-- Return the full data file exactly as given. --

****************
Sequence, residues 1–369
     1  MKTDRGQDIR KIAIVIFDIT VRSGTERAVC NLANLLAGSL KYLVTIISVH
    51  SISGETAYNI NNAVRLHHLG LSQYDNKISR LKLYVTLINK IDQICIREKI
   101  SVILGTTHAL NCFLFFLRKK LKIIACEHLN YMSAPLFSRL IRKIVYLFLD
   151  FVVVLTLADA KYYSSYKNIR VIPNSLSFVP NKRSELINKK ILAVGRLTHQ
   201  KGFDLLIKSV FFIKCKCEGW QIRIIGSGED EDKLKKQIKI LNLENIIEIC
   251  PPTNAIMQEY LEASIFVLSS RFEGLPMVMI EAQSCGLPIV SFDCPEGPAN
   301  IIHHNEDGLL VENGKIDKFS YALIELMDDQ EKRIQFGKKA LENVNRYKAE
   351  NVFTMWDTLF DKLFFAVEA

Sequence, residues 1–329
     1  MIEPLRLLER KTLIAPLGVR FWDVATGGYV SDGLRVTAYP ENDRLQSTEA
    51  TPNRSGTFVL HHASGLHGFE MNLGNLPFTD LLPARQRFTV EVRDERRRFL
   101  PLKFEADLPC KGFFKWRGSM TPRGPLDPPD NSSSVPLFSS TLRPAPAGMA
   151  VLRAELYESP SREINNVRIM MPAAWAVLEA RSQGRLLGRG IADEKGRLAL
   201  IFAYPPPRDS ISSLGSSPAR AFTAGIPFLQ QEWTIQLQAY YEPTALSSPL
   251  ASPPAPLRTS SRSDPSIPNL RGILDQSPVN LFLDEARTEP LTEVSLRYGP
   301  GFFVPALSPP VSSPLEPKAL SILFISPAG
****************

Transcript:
Sequence, residues 1–369
     1  MKTDRGQDIR KIAIVIFDIT VRSGTERAVC NLANLLAGSL KYLVTIISVH
    51  SISGETAYNI NNAVRLHHLG LSQYDNKISR LKLYVTLINK IDQICIREKI
   101  SVILGTTHAL NCFLFFLRKK LKIIACEHLN YMSAPLFSRL IRKIVYLFLD
   151  FVVVLTLADA KYYSSYKNIR VIPNSLSFVP NKRSELINKK ILAVGRLTHQ
   201  KGFDLLIKSV FFIKCKCEGW QIRIIGSGED EDKLKKQIKI LNLENIIEIC
   251  PPTNAIMQEY LEASIFVLSS RFEGLPMVMI EAQSCGLPIV SFDCPEGPAN
   301  IIHHNEDGLL VENGKIDKFS YALIELMDDQ EKRIQFGKKA LENVNRYKAE
   351  NVFTMWDTLF DKLFFAVEA

Sequence, residues 1–329
     1  MIEPLRLLER KTLIAPLGVR FWDVATGGYV SDGLRVTAYP ENDRLQSTEA
    51  TPNRSGTFVL HHASGLHGFE MNLGNLPFTD LLPARQRFTV EVRDERRRFL
   101  PLKFEADLPC KGFFKWRGSM TPRGPLDPPD NSSSVPLFSS TLRPAPAGMA
   151  VLRAELYESP SREINNVRIM MPAAWAVLEA RSQGRLLGRG IADEKGRLAL
   201  IFAYPPPRDS ISSLGSSPAR AFTAGIPFLQ QEWTIQLQAY YEPTALSSPL
   251  ASPPAPLRTS SRSDPSIPNL RGILDQSPVN LFLDEARTEP LTEVSLRYGP
   301  GFFVPALSPP VSSPLEPKAL SILFISPAG